Starlin Castro is one of the hardest players in baseball to figure out. He seemingly alternates between being intriguing and being awful, and right now he’s lighting the world on fire at the plate. It doesn’t look sustainable, and hopefully the Red Sox can start a cold streak for the infielder.
Brett Gardner has been one of the few disappointments in the Yankees lineup, and while he’s been an underrated player for much of his career it’s looking more and more like he’s on the back nine of his playing days.
Ronald Torreyes is in the lineup for the injured Didi Gregorius and the small-statured infielder has become a fan favorite in New York already. The talent isn’t enormous, but he’s the very definition of a spark plug.
Matt Holliday was someone I wanted the Red Sox to target this winter, and he’s gotten off to a good start thanks to power and patience.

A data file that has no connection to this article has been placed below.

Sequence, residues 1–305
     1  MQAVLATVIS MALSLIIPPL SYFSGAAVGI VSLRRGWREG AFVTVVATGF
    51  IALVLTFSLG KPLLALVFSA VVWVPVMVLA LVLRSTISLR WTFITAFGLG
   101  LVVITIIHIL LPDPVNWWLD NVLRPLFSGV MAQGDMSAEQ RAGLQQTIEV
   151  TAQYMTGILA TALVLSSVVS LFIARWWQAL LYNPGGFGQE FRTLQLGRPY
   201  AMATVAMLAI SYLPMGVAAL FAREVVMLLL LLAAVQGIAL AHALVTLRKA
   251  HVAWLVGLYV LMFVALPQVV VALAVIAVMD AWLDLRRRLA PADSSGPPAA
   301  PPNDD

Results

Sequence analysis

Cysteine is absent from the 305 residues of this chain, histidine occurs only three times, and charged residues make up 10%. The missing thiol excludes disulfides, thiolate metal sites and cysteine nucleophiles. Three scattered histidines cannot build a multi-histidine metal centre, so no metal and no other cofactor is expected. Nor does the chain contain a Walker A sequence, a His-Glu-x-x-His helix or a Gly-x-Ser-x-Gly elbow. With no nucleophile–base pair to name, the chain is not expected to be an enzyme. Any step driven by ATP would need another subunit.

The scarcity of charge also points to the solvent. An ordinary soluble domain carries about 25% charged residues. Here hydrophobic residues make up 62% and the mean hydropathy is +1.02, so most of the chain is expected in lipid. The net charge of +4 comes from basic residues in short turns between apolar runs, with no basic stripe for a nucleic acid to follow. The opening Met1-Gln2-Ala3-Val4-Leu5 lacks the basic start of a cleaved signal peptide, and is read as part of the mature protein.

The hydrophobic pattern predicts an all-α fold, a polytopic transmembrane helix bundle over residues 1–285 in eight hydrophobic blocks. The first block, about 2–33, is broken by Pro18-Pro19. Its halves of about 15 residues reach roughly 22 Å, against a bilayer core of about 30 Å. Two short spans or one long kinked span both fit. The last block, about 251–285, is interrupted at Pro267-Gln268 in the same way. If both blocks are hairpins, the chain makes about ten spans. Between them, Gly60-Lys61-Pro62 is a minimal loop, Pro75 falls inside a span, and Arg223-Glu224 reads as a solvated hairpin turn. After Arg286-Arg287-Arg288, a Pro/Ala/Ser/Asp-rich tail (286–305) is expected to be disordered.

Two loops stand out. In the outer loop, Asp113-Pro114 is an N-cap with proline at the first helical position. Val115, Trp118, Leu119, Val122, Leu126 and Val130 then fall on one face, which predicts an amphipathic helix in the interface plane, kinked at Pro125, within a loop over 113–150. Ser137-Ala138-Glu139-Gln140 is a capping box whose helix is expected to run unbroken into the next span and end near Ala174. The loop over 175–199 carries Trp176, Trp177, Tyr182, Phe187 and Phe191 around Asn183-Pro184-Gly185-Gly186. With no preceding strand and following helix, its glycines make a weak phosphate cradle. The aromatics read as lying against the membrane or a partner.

Greg Bird isn’t quite as exciting in terms of power potential as Aaron Judge, but he’s yet another exciting young Yankee that should be able to hold down a lineup spot for years to come. For now, though, he’s scuffling at the plate thanks to major contact issues.
The Yankees, as they have for a few years now, have one of the scariest bullpens in all of baseball. At the very back of it is Aroldis Chapman. He came back in free agency this year after being traded to the Cubs this past July, and he’s been his typical great self.
The same can be said of Dellin Betances, who is among the elite relievers in the game despite never getting a chance to hold down a closer role. After some controversy around his arbitration trial this winter, he’s as dominant as ever, although control can be an issue for the righty at times.